Friday, June 19, 2015

Musings on left and right: does it matter?

Its been quite cold and wet in Sydney. Technically, Sydney has a sub-tropical climate, so we are not geared to the combination of cold and wet. I wish the rain would go inland where it's really wanted!

Looking at my stats, the most visited post this month by a country mile is Mixed income/rental models in social housing. That's actually good to see.

Today's post is triggered by a piece Tim Dunlop on the Drum: A good political 'narrative' is no substitute for actions. Here I want to focus not on the general points made by Mr Dunlop but on one point summarised in the following quote:
For a start, it (the argument) overlooks the fact that mainstream discourse is dominated by right wing voices - a case I have made time and time again.
I don't think that statement is true.

Like many of us, I struggle to make meaning of the distinction between right and left. Personally, I just don't fit in with the conventional definitions. The pop quizzes place me just to the left of center on the range of criteria used in judgement. However, on particular issues I span from far left to well on the right. It depends on the issue.

Accepting definitional ambiguities, it is hard to see that mainstream discourse is dominated by the right. The usual argument is to point to the dominance of the Murdoch press or the influence of certain talk back radio hosts. They are important in slices of the market, but they are not dominant. If you move beyond the media to include the totality of mainstream discourse, the case is a little stronger, especially in the public policy sphere.

Now here we have to come back to definitions again.What do we mean by right wing voices? There is, I think, a dominant thread that argues for a reduced role for government, for lower taxes, for deficit reduction. I think that its also true that this thread gained its dominance from right voices and intellectuals dating back many generations and from conditions at that time. But this thread, this way of thinking, is not totally dominant.

For every right wing think tank, there is an opposing one. For every newspaper such as the Australian Financial Review, by far the most important of the right wing voices on economic matters, you have an opposing one. You only have to look at the rise of the Guardian in Australia to see the size of the center left market.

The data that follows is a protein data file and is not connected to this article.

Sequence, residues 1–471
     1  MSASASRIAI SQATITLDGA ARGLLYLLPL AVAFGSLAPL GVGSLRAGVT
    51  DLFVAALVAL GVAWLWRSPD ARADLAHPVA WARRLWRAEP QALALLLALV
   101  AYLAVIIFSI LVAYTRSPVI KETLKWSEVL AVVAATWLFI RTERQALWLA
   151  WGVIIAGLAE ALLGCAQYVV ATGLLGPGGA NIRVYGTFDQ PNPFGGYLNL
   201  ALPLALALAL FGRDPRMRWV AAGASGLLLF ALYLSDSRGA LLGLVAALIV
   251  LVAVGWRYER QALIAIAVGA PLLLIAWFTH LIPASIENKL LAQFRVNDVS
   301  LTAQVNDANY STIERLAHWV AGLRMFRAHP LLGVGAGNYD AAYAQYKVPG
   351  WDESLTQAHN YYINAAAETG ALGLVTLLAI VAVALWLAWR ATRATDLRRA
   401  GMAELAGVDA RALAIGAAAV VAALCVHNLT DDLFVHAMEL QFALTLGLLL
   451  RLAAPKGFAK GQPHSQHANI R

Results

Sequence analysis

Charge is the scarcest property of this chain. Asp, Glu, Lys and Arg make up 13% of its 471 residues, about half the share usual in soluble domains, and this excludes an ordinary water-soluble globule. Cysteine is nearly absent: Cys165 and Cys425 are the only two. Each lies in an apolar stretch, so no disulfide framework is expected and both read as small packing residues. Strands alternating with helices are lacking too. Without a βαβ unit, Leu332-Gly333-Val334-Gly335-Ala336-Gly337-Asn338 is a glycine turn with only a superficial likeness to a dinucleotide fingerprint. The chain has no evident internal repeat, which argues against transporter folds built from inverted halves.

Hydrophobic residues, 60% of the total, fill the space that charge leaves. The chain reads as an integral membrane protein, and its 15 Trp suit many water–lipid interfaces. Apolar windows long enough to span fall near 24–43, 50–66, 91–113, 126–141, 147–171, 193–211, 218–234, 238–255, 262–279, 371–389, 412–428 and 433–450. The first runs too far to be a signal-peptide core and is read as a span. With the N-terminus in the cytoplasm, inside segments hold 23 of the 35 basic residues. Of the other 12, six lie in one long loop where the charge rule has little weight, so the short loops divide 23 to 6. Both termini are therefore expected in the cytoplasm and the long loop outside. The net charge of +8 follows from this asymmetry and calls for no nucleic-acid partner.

Most importantly, and to the despair of elements of the right, they have actually been losing the battle for public opinion. You only have to look at the response to the 2014 Australian budget to see that.

One of the real difficulties for the right is actually trying to define what it really is. The right has always been riven by internal tensions, for there are many different rights.

There is the libertarian right, that group that focuses on individual rights and freedoms and takes pride in a long intellectual tradition. This is the right of Hayek, of Adam Smith.or David Hume, of Friedman or Thatcher. It is also the right that came to establish a now challenged dominant position in economic and public policy more broadly.

This right contrasts with the statist right. Central to the statist right is either the preservation of the existing order (the state) or, conversely, its replacement by a new order that will better promote the state. Mr Abbott arguably belongs to first, Adolf Hitler the second. Both groups overlap with other political definitions such as conservatism or populism. In Germany, conservative forces supported Adolf Hitler because they saw him (wrongly) as protecting or re-establishing an existing order threatened by Bolshevism.

In all this, the real problem for the left is that the intellectual framework that guided the left over the last two hundred years has simply collapsed. In turn, this has created a problem for the right, for over that time the right has partly defined itself in opposition to the left. Both are confused.

I first became really aware of these tensions when I was researching the Country Party, for this was a party that initially defined itself in terms of opposing the nostrums of left and right, seeking to distinguish itself from both, How do you do that when the left-right world view is just so dominant? What language do you use when you are challenging the established order, rejecting some things, accepting others?

I'm not sure that I ever came up with an answer. I could point to the Party's successes during that tension period when it was opposing both views, but in the end it got sucked in to the existing structure.

I have sometimes compared the Country Part to the Greens because they faced similar electoral challenges in a day to day sense. Unlike the Country Party, the Greens are a left party. Like the old Country Party, their challenge is to determine to what extent they will compromise their views to achieve power. .      .       .        .